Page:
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The Ancient Egyptian Books of the Earth

By Joshua Aaron Roberson

The Ancient Egyptian Books of the Earth
Hardback, 594 pages £78.00
Published: 2012
ISBN: 9781937040000
Format: 280mm x 215mm
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Subjects: Archaeology, Egyptology, Lockwood Press, Philosophy and Religion
Series: Wilbour Studies in Egypt and Ancient Western Asia

Illustrated in b/w with 109 figures, 69 plates and 9 tables.

Collections of scenes and texts designated variously as the "Book of the Earth," "Creation of the Solar Disc," and "Book of Aker" were inscribed on the walls of royal sarcophagus chambers throughout Egypt's Ramessid period (Dynasties 19-20). This material illustrated discrete episodes from the nocturnal voyage of the sun god, which functioned as a model for the resurrection of the deceased king.

These earliest "Books of the Earth" employed mostly ad hoc arrangements of scenes, united by shared elements of iconography, an overarching, bipartite symmetry of composition, and their frequent pairing with representations of the double sky overhead. From the Twenty-First Dynasty and later, selections of programmatic tableaux were adapted for use in private mortuary contexts, often in conjunction with innovative or previously unattested annotations.

The present study collects and analyses all currently known Book of the Earth material, including discussions of iconography, grammar, orthography, and architectural setting.


List of Figures, Tables, and Plates



1. Introduction

    1.1 General remarks

    1.2 Underworld Books

    1.3 The Designation of "The Book of the Earth

    1.4 Definition of the Corpus

    1.5 Outline of Sources

    1.6 Content and Internal Structure of the Book

    1.7 The Notational System Used in the Present Study

2. Architecture

    2.1 Development of the Royal Tomb in the Valley of the Kings

    2.2 Underworld Cosmology and Architecture

    2.3 Considerations on the Evolution of the Ramesside Royal Tomb: Precursors and Prototypes

    2.4 Internal Orientation in the Mature Ramesside Royal Tomb

    2.5 Catalogue of Monuments

    2.6 The Symbolic Significance of the Ramesside Sarcophagus as akhet and Divine Birth Station

    2.7 Excursus: The Sarcophagi

3. Orthography

    3.1 General Remarks

    3.2 Orthographic Variation among Individual Signs

    3.3 Phonetic Change

    3.4 Adaptations from the Hieratic

    3.5 Shape Substitutions

    3.6 Superfluous Signs

    3.7 Miscellaneous

    3.8 Cryptography

4. Grammar

    4.1 General Remarks

    4.2 The Introductory Formula

    4.3 Pronouns

    4.4 Prepositions

    4.5 The Proclitic Particle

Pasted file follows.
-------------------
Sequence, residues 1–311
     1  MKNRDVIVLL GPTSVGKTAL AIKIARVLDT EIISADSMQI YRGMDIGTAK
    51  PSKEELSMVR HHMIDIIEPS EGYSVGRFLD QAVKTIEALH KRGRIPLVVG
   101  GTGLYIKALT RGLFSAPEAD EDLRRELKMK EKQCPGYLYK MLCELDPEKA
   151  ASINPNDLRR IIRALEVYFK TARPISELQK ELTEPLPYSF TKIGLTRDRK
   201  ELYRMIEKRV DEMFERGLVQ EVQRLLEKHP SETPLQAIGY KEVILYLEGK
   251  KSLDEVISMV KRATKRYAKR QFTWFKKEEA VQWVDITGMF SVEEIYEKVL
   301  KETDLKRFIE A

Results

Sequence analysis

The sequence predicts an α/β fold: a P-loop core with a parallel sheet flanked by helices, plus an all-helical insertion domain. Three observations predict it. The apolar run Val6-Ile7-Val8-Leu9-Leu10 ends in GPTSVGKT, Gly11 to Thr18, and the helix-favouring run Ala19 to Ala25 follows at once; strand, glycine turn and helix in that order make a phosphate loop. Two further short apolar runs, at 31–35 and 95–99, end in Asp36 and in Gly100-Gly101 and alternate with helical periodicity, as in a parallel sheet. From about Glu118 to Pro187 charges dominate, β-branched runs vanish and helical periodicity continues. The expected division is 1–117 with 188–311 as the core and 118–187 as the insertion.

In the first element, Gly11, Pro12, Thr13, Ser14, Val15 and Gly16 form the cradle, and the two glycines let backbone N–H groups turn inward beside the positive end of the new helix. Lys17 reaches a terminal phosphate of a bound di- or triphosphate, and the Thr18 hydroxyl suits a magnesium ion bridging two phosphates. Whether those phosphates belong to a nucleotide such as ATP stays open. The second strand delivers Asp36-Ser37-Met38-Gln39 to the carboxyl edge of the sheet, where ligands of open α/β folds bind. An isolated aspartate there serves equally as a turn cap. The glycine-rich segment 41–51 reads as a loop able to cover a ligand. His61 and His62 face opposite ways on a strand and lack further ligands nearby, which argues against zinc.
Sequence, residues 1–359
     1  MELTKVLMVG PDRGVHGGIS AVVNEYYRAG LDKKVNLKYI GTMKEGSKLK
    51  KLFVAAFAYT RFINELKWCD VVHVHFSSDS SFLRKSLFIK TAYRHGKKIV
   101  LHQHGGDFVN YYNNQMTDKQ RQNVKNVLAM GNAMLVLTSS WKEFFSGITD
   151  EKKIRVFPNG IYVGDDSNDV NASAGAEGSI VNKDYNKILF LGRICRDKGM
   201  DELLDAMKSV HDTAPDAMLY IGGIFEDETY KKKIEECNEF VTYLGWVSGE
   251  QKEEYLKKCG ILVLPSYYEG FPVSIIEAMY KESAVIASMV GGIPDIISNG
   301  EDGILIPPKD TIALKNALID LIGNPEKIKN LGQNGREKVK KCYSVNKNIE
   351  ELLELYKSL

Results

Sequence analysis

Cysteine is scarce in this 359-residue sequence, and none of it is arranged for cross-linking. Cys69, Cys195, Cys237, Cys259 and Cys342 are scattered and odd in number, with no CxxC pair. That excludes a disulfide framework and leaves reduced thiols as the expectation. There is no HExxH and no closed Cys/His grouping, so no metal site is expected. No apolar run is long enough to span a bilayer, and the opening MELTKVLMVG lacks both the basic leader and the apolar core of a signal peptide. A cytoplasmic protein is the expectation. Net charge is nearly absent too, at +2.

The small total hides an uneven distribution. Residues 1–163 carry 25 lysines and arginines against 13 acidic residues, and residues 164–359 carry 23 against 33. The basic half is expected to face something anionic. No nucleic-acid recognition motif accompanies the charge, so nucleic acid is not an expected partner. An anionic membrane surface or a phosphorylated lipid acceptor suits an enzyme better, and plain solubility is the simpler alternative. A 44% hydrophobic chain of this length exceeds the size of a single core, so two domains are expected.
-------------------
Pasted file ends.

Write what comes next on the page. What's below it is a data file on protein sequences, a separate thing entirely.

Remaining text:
4.6 Circumstantial

    4.7 Noun + sdm=f Construction

    4.8 sdm.hr=f

    4.9 Subject + Stative vs. Pseudo-Verbal Construction

5. The Vignettes

    5.1 General Remarks

    5.2 Catalogue of Scenes

    5.3 The Merneptah Template

    5.4 The Aker Group

6. The Texts

    6.1 General Remarks

    6.2 The Cenotaph of Seti I at Abydos

    6.3 Merneptah

    6.4 Tawosret

    6.5 Ramesses III

    6.6 Ramesses IV

    6.7 Ramesses VI

    6.8 Ramesses VII

    6.9 Ramesses IX

    6.10 Twenty-First Dynasty Mythological Papyri

    6.11 Osorkon II

    6.12 Pedamenopet

    6.13 Mutirdis

    6.14 Padineith

    6.15 Horira'a

    6.16 Sarcophagus of Nakhtnebef

    6.17 Sarcophagus of Tjahorpta

    6.18 Sarcophagi Inscribed on the Model of Ramesses III

7. Closing Remarks

    7.1 The Internal Structure of the Books of the Earth

    7.2 Date of Composition

    7.3 The Original Function of the Books of the Earth, from the Later New Kingdom (Dynasties 19-20)

    7.4 The History and Evolution of the Books of the Earth from the Third Intermediate Period and Later

Appendix 1, Tables

Appendix 2, Black and White Plates

Appendix 3, Text Plates



Joshua Aaron Roberson is Assistant Professor, Department of History, Camden County College (Blackwood, NJ).  He has worked as an epigrapher and sigillographer with the University of Pennsylvania expeditions to Saqqara and Abydos. He has also worked as a sigillographer for the French-Egyptian expedition (CNRS/CFEETK) to the Opet temple at Karnak, and has conducted independent research in the Valley of the Kings and El Asasif at Thebes (modern Luxor) and the Grand Egyptian Museum in Cairo.

Publication Details:

 Hardback , 594 pages
 280mm x 215mm

BIC Code:
  HIS002030, REL114000, SOC003000
 Lockwood Press


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